Now, Deutsche’s index isn’t truly core inflation, but a proxy thereof. It appears to be a decent proxy, but it is still a proxy (and we have some more theoretical/quantitative critiques that are beyond the scope of this column). And their product is a swap, not a bond (although it would not surprise me to see bonds linked to this index in the very near future). So it isn’t perfect – but it is a huge step forward, and Deutsche Bank (and Allan Levin, the guy there who has the vision) deserves praise for actually innovating. Innovation tends to happen on the buy side, and with smaller firms, not with big sell-side institutions, and we should cheer it when we see it.


Now, back to actual markets: tomorrow, the ECB is expected to announce a new program of buying periphery bonds when necessary. Actually, it is a bit more than expectation, since the plan was leaked today. Supposedly, the ECB will announce that they are going to do “unlimited, sterilized bond buying” of securities three years and less in maturity.

The Euro was somewhat buoyed by this news. The idea is that big bond purchases will bring down sovereign yields, but sterilization of the purchases will mean that it isn’t truly monetization and therefore not inflationary.

This seems ridiculous to me. I am not surprised at the idea that the ECB would conduct large purchases of bonds that no one else seems to want; they did quite a bit of that with Greece, after all. But I’ve lost track – are they still sterilizing the billions in bonds that they’ve already bought, as well as the two LTRO operations which they claimed to sterilize, but never explicitly did except through the expedient of paying interest on reserves to sop up the liquidity?

How are they going to sterilize more purchases? There are basically three straightforward ways for a central bank to remove liquidity from the market. We used to think that there were only two, because the only ways the central bank ever did it was to (a) conduct large reverse-repurchase operations in which the central bank lent bonds and borrowed cash, taking the cash temporarily out of the economy and (b) to sell bonds outright, to make a permanent reduction in reserves. Now we recognize a third option, although we’re not sure how efficacious it is: (c) raising the interest rate on deposits of excess reserves at the central bank, so as to discourage the multiplication of those reserves.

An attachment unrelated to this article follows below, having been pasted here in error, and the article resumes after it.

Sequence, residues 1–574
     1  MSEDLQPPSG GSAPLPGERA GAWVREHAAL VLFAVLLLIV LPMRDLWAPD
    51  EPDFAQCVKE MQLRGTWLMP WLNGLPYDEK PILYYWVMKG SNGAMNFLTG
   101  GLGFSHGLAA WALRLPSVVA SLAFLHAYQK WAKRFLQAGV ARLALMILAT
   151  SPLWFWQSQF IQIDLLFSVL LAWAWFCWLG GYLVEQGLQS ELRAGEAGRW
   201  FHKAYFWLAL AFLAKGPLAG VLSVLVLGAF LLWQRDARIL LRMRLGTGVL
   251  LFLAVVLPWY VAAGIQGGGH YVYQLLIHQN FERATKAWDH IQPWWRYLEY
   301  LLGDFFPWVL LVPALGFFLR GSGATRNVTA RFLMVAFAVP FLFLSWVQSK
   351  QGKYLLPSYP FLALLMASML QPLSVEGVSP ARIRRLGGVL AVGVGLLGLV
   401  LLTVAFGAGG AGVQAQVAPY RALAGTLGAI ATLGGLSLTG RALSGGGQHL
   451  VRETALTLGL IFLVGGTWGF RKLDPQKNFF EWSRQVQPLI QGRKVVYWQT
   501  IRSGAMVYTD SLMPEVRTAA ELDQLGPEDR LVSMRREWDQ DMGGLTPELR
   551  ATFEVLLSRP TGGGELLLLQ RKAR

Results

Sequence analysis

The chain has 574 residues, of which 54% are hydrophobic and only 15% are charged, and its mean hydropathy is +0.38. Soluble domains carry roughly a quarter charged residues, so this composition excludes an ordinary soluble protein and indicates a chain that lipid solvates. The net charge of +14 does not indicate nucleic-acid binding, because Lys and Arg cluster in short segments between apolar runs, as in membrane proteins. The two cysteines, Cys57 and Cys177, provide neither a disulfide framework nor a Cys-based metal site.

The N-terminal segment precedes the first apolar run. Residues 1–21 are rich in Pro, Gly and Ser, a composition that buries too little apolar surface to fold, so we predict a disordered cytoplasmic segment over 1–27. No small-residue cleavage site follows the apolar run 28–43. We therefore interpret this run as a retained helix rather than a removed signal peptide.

But for the ECB’s purchases to be effective in terms of their size, they will be far too large to use reverse-repos as a sterilization method; and it doesn’t seem to make much sense to be selling bonds when they’re buying other bonds, unless they want to try and push up the yields of countries like the Netherlands and Germany (which might not be politically too astute) at the same time that they’re lowering the yields of Spain and Portugal. And they just cut the deposit rate to zero in July…are they going to raise it again?

I can understand the political cleverness of such an announcement, if the ECB makes it: make the bond buys “unlimited” to suggest that they can’t be outmuscled, but also sterilized so it’s not printing. But these can’t both be true – because there is not unlimited capacity for sterilization.

That plan can only work if, in fact, the ECB doesn’t actually buy many bonds. In the past, they’ve tried to trick the market into rallying with “bazooka-like” comments so that they didn’t actually have to do anything. To date, it has never worked. I doubt this will, either.


Back in the U.S., the wave of Employment data is about to hit. Tomorrow morning, Initial Claims (Consensus: 370k) will be released; about Claims the only thing I want to note is that while it is down considerably from the peak of the most-recent recession, it is only slightly below where it was at the peak of the last recession. Over the last 52 weeks, Claims have averaged 381k; in May of 2002 that average reached 419k. Also due out tomorrow is the ADP report (Consensus: 140k), which is expected to weaken slightly from last month’s figure. On Friday, of course, the Payrolls report is expected to show a rise of 127k new jobs with the Unemployment Rate steady at 8.3%.